By Thomas R. Collins
A commercial office district near Interstate 95 and Yamato Road used to be a spot that this city could brag about. An IBM facility was located there, employing 10,000 people at its peak in the late 1980s.
The computer giant’s workforce shrank, and it moved most of its jobs to the Research Triangle in North Carolina, and some to Texas, in 1996.
Since then, the 965 acres — called the “northwest area” — has lost its luster: The once humming area sits largely vacant.
To resurrect it, the city is about to allow a slate of new uses never before allowed there: mainly residential apartments, up to 2,500 of them, but also retail and other kinds of development, with people living near workplaces and services so that — the thinking goes — they’ll be less likely to use their cars and clog roads.
Residents are in favor of redeveloping the sluggish zone, but are worried it’s too much and that little traffic will actually be contained within it.
It’s one of five areas of the city that is being considered for this kind of transformation, called “planned mobility,” but the details will likely vary for each and the northwest area is the first in line. Boynton Beach employed a similar concept with Renaissance Commons, a cluster of apartments and shops off Congress Avenue.
Boca Deputy City Manager George Brown, who’s been overseeing the plans that have been evolving for months, said it would be a much-needed shot in the arm.
“The idea is to have multiple uses in areas that were formerly single-use or limited to a certain number of uses,” he said at a recent discussion at City Hall. “Bring residents closer to the jobs that they have and services of which they avail themselves.”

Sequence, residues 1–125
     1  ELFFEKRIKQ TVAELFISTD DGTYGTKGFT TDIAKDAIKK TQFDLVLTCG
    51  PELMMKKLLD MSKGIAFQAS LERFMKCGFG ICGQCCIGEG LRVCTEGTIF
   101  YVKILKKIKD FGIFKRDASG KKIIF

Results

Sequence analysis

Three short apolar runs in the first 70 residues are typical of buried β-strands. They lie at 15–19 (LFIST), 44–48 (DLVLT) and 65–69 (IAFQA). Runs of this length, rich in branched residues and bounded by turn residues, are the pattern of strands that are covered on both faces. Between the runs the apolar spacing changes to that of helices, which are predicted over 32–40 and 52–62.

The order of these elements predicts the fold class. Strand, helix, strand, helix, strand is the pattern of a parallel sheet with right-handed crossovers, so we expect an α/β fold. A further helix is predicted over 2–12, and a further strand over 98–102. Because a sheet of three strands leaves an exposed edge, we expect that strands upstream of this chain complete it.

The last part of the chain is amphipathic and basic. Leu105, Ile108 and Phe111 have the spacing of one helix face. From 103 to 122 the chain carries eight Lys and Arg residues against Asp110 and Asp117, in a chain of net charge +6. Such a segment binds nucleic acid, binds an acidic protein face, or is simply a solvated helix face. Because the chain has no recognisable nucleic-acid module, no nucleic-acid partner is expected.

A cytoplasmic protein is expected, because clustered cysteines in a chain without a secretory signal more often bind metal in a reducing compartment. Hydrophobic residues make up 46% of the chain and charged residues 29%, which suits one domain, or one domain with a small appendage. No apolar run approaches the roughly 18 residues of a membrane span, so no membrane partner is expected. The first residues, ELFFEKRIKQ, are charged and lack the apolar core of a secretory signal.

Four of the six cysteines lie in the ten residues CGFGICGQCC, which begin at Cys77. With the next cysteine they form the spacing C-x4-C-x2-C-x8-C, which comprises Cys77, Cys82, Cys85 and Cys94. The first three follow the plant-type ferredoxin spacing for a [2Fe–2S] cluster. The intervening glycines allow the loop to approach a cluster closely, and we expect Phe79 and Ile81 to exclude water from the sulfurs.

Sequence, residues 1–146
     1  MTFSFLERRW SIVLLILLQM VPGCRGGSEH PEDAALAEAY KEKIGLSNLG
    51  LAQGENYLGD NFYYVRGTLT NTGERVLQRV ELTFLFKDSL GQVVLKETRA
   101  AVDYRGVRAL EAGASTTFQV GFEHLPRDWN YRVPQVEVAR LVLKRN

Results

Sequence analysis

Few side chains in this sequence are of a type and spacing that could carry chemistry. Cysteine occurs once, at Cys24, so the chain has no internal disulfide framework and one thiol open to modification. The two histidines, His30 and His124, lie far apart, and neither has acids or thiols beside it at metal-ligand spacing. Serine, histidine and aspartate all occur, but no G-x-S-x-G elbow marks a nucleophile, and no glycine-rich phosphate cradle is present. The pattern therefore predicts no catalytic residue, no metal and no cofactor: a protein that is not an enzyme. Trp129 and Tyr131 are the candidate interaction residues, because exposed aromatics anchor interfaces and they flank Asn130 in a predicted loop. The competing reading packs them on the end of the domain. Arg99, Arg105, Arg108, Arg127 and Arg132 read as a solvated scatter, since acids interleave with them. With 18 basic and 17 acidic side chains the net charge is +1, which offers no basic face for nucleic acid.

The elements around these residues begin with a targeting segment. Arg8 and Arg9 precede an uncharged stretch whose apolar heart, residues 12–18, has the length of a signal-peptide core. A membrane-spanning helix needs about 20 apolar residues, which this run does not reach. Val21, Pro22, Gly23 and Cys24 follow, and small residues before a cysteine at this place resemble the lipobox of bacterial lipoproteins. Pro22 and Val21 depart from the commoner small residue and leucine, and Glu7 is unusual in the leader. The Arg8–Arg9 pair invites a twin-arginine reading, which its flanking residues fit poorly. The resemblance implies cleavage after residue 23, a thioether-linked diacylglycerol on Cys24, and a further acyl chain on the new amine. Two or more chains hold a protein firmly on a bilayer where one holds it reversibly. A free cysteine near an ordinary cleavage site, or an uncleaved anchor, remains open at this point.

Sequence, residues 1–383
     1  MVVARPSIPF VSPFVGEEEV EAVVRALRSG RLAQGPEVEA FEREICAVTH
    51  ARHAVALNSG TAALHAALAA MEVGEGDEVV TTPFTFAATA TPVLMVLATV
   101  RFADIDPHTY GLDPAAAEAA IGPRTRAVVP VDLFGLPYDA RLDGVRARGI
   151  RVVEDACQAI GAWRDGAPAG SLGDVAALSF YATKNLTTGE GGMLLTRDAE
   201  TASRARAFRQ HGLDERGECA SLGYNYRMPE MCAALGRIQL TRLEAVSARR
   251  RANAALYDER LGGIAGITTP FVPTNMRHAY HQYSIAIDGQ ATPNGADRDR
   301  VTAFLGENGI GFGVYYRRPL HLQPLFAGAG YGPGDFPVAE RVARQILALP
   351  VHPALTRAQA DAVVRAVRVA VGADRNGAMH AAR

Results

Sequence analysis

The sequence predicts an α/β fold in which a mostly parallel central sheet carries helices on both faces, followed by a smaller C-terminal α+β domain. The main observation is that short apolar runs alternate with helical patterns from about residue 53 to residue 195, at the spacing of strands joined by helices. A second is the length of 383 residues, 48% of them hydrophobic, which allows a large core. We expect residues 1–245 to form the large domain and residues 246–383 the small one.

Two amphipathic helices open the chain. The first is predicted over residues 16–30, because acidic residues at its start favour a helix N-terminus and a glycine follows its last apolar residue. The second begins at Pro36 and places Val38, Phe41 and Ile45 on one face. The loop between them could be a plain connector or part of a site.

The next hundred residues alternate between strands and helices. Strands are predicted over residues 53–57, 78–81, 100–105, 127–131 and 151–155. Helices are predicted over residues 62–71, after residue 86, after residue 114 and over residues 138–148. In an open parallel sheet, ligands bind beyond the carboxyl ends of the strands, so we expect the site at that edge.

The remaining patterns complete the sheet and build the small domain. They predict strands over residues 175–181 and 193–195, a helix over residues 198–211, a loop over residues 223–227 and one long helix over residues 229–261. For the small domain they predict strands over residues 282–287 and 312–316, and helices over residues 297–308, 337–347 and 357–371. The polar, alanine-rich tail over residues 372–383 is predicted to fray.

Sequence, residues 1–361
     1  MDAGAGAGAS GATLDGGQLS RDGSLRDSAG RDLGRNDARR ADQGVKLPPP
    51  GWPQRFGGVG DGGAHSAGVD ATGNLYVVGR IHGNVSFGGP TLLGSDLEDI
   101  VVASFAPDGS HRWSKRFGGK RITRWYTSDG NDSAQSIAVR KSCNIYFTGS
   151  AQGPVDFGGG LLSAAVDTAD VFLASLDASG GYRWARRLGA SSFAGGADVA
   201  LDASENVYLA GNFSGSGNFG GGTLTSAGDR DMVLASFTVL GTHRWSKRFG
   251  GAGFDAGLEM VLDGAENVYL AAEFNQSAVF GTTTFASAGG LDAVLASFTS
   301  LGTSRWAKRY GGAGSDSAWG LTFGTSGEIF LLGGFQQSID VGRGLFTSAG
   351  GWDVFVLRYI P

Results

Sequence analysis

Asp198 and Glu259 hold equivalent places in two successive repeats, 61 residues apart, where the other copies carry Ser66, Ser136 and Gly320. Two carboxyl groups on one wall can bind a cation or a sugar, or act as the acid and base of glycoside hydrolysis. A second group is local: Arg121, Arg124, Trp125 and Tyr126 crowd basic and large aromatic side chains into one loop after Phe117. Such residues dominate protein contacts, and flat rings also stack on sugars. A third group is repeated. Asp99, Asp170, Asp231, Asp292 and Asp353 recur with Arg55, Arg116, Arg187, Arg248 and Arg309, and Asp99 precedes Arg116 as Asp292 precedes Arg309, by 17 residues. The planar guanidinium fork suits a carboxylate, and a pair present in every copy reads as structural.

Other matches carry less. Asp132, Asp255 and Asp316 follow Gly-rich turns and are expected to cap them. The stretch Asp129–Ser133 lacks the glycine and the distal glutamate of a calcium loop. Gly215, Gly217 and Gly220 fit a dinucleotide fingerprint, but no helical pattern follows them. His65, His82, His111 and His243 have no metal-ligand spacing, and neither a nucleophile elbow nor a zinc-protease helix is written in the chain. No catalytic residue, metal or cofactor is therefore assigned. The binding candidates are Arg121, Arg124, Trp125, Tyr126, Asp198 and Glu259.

The cap would be 20 units an acre, which is not an uncommon amount for similar South Florida mixed-use developments — Renaissance Commons has the same cap. Buildings could be 85 feet high, or about eight stories, as long as they don’t go over the cap on units or surpass the amount of square footage the city deems is appropriate for the size of the lot, which is determined by a formula.
Shared parking would be encouraged, more bike racks would be supplied, walking paths would be required and having everything connected would be the main theme, city officials say.
Charles Siemon, a lawyer who represents the landowners in the northwest area, said it’s a long-overdue step. The Research Triangle in North Carolina, considered the hot new spot when IBM moved there from Boca, is already undergoing a master plan change, he noted, while Boca has sat idle ever since IBM moved away.
“It is an area that was the heart of our economic prosperity,” Siemon said. “We’re trying to create a new place that will be competitive in the marketplace.”
Although happy with the proposed plan, he is arguing for more square footage to be allowed on each lot.
Deputy Mayor Susan Haynie said she wants to resolve the “lack of consensus that we have in the community about how much is too much” and wants to make sure existing residents aren’t left “paying the tab” for new services that might be needed.
Indeed, there are some who are not exactly on board with the concept.
Lenore Wachtel, a board member with the Federation of Boca Raton Homeowner Associations, said “it’s a nice idea” but that “some people think this is a gift to the developers.”
“We walk for fun all the time, but if we’re going anywhere, even close, we take our car,” she said.
Elisabeth Hoffman, a resident who lives next to another area being considered as a planned mobility district (East of I-95 between Spanish River Boulevard and Glades Road), said she’s not opposed to it “as a concept,” but figures residents there would still “get in their cars to go to the grocery store” no matter how close it is.
“As an ardent environ-mentalist and futurist, I’m in favor of more public transport use, less vehicular use in terms of less sprawl,” she said. “Those are all things that are high on my natural agenda, but because of the development focus of our current City Council, I find myself quite concerned about how some of this will play out.”
Council will vote on the northwest area planning ordinance at a public hearing on Dec. 11. Ú
—Margie Plunkett contributed to this story. -